Saturday, November 2, 2019

In Support of Paid Political Advertising

Twitter’s Jack Dorsey suffers from an anti-capitalist mentality. I know that sounds odd, considering, but smart as he is, he evidently lacks an understanding of economics as human action.

Instead of paying for political advertising, which is obvious, political campaigns will only pay people like me to write “personal opinions.” As a Meier-Briggs ENTJ, I can argue any side with aplomb and verve. Some issues have moral meaning for me and I would take or reject work on that basis, but one of the definitions of a “hack” is a writer who works for pay without regard for personal or professional standards, and we never have lacked them. Also never in short supply were writers using pen names. Twenty years ago, long before Mitt Romney was Pierre Delecto,  people on message boards used fake names to agree with their own opinions. 

Our federal republic owes its existence at least in part if not largely to three men who wrote under one name: Hamilton, Madison, and Jay appearing in the newspapers as “Publius.” 

I do not have a Twitter account. However, I am on Facebook, but only because of commitments requested by employers. Not so much a cyberphobe as a user of other online platforms, I have this blog, of course. My first BBS username goes back to 1984. A few years later, I served as the business news and issues manager of the Political Forum BBS sponsored by East Lansing state representative and state senator William A. Sederburg (Wikipedia here). (You can find an InfoWorld article from November 19, 1984, page 38, archived on Google Books. Start here and use the Search box.)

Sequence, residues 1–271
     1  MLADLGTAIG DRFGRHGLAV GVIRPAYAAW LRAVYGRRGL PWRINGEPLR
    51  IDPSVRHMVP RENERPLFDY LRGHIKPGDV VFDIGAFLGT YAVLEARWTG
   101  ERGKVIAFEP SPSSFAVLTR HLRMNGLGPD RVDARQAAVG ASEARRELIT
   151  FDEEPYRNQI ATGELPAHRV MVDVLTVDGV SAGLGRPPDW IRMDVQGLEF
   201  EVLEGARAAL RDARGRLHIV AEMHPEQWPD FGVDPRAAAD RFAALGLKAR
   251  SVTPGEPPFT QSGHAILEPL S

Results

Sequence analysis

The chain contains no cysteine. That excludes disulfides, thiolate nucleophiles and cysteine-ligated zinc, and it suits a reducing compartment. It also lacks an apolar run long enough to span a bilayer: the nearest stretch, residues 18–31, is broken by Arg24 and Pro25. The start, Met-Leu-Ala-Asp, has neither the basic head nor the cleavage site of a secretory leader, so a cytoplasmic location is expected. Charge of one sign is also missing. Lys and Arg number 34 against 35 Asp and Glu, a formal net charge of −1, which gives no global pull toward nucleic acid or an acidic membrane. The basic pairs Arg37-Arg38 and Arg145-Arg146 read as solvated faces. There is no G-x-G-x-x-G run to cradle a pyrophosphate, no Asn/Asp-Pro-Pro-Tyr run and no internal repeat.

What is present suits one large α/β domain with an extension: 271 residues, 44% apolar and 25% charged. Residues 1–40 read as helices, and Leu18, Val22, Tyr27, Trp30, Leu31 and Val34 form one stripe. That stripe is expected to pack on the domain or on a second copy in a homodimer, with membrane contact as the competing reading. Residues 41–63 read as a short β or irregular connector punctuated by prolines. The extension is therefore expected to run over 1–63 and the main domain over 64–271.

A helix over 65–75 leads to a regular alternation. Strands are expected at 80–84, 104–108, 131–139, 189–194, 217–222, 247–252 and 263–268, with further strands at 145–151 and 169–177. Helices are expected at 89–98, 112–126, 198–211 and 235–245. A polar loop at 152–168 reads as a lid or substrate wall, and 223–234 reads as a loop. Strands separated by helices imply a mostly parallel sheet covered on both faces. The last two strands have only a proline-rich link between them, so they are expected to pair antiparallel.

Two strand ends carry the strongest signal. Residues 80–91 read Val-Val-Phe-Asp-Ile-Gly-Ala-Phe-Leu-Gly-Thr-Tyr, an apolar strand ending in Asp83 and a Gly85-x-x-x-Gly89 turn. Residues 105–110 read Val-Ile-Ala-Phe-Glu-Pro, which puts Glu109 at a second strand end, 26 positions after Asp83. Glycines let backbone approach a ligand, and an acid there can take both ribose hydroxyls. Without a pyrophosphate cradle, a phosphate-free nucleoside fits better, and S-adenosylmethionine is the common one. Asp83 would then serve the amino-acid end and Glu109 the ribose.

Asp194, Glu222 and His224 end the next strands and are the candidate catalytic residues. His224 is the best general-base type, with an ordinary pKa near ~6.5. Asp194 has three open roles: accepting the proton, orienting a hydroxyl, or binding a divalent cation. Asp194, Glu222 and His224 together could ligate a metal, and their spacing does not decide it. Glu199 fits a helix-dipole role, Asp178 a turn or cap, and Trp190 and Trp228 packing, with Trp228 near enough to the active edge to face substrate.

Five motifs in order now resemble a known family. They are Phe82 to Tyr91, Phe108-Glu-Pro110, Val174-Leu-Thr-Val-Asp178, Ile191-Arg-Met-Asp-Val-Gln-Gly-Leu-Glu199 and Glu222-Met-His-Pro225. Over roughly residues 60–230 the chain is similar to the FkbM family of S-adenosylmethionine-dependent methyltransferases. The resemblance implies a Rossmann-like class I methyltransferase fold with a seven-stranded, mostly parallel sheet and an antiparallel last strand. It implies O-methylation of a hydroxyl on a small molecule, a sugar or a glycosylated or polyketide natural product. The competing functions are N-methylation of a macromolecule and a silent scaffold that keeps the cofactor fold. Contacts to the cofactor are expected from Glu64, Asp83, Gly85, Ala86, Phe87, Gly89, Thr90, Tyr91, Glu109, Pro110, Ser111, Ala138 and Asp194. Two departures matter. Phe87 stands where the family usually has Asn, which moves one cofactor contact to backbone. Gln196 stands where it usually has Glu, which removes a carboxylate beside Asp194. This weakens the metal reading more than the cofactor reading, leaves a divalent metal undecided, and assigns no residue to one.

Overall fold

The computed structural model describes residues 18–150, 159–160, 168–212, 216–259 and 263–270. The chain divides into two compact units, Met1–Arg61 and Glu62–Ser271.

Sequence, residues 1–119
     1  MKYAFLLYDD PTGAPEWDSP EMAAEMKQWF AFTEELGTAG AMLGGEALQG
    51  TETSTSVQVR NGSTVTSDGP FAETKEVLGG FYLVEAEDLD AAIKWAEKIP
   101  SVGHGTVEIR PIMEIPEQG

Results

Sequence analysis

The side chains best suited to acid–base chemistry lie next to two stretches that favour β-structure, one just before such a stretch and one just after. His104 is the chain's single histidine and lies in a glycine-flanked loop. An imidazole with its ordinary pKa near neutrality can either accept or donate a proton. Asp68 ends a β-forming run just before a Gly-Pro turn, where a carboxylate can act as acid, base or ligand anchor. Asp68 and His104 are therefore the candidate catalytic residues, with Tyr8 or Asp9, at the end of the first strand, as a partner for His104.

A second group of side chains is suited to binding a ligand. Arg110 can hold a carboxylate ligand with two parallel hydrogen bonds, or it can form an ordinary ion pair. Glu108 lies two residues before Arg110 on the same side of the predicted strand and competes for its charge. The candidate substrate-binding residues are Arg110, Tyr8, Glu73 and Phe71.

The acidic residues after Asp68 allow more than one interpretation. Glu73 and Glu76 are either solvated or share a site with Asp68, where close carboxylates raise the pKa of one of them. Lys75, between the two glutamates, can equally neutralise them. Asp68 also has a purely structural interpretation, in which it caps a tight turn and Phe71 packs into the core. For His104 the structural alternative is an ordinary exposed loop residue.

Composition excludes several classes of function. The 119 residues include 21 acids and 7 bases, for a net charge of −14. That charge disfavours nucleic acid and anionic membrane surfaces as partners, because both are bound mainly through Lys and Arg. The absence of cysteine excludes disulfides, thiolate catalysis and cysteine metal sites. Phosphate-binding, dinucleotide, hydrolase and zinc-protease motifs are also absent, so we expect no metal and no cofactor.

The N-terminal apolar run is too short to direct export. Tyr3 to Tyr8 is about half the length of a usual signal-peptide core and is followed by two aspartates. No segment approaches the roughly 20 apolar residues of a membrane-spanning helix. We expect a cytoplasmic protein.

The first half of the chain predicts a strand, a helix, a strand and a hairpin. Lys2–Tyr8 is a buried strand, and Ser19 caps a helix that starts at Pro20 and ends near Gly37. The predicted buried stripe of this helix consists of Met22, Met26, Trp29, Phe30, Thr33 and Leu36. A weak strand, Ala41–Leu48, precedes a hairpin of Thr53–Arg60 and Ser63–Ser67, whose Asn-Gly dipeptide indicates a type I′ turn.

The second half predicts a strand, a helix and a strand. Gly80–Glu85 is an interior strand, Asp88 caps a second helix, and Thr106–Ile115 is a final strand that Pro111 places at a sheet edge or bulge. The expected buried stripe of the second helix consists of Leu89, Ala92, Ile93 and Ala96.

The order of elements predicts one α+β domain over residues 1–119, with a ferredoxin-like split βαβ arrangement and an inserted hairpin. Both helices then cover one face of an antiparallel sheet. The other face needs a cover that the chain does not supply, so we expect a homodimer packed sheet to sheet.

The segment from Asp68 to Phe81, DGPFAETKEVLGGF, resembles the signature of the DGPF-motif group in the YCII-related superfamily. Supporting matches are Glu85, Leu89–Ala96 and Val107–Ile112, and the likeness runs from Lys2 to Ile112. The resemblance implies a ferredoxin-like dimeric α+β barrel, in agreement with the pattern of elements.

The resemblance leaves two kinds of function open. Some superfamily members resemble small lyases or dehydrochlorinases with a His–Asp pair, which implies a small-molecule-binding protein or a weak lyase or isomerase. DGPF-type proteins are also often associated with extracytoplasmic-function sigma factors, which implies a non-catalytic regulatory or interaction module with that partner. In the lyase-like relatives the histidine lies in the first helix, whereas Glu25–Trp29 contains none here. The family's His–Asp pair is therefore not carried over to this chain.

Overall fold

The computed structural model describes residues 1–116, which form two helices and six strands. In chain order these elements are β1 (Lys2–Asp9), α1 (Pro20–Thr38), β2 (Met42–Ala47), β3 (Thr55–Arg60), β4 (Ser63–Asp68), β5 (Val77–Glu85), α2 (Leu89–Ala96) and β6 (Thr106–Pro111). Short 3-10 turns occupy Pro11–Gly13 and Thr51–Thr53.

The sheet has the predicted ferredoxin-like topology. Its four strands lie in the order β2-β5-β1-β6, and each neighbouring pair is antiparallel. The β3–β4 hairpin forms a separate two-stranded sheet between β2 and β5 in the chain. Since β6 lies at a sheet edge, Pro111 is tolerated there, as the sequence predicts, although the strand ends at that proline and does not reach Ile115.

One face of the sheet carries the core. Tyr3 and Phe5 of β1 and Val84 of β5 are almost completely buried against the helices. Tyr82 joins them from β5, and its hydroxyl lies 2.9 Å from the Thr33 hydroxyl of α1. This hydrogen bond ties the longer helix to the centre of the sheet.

At that time, I was on several other networks and started posting GRID News. It was my gateway to the news room in the Michigan Capitol Building. Some of that is archived under the Computer Underground Digest. 

I forget which cyberpunk science fiction book it was in, probably one of William Gibson’s, but a European character sighs that Americans believe that history started after they were born. The other day at work, one of the scientists was complaining to an engineer that newspapers are biased; factual reporting is a thing of the past. I pointed out that newspapers were always opinionated. I explained that Joseph Pulitzer in St. Louis and William Randolph Hearst in San Francisco and New York made their fortunes from any kind of fake news story to sell papers. I said that after Pulitzer died, his estate bequeathed a large grant to the Columbia School of Journalism which began giving out awards for honest reporting. 

Growing up in Cleveland, Ohio, in the 1950s and 60s, we accepted the morning Plain Dealer as a Republican newspaper and the evening Cleveland Press as a Democrat newspaper. We always took the PD, but subscribed to the Press if we liked the paper boy. Cleveland was not unique. You can find many newspapers called Democrat and Republican but even those called Tribune, Globe, World, Telegraph, and Guardian were (and are) partisan. 

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1 comment:

  1. I'm not sure if I romanticize the past or if I lived in a Democrat bubble, but it seemed like when people disagreed they still generally accepted the same news sources as authoritative and accepted that most people are not evil.

    In my town the centrist paper (WI State Journal) came in the morning and the more liberal paper (Cap City Times) came in the evening. I think my family got both at one point and Cap Times only at another point. I'm not sure why. I don't remember people being fired up about politics. It seemed like the papers would pick different stories to run, but I never heard someone reject a story because it came from the wrong paper.

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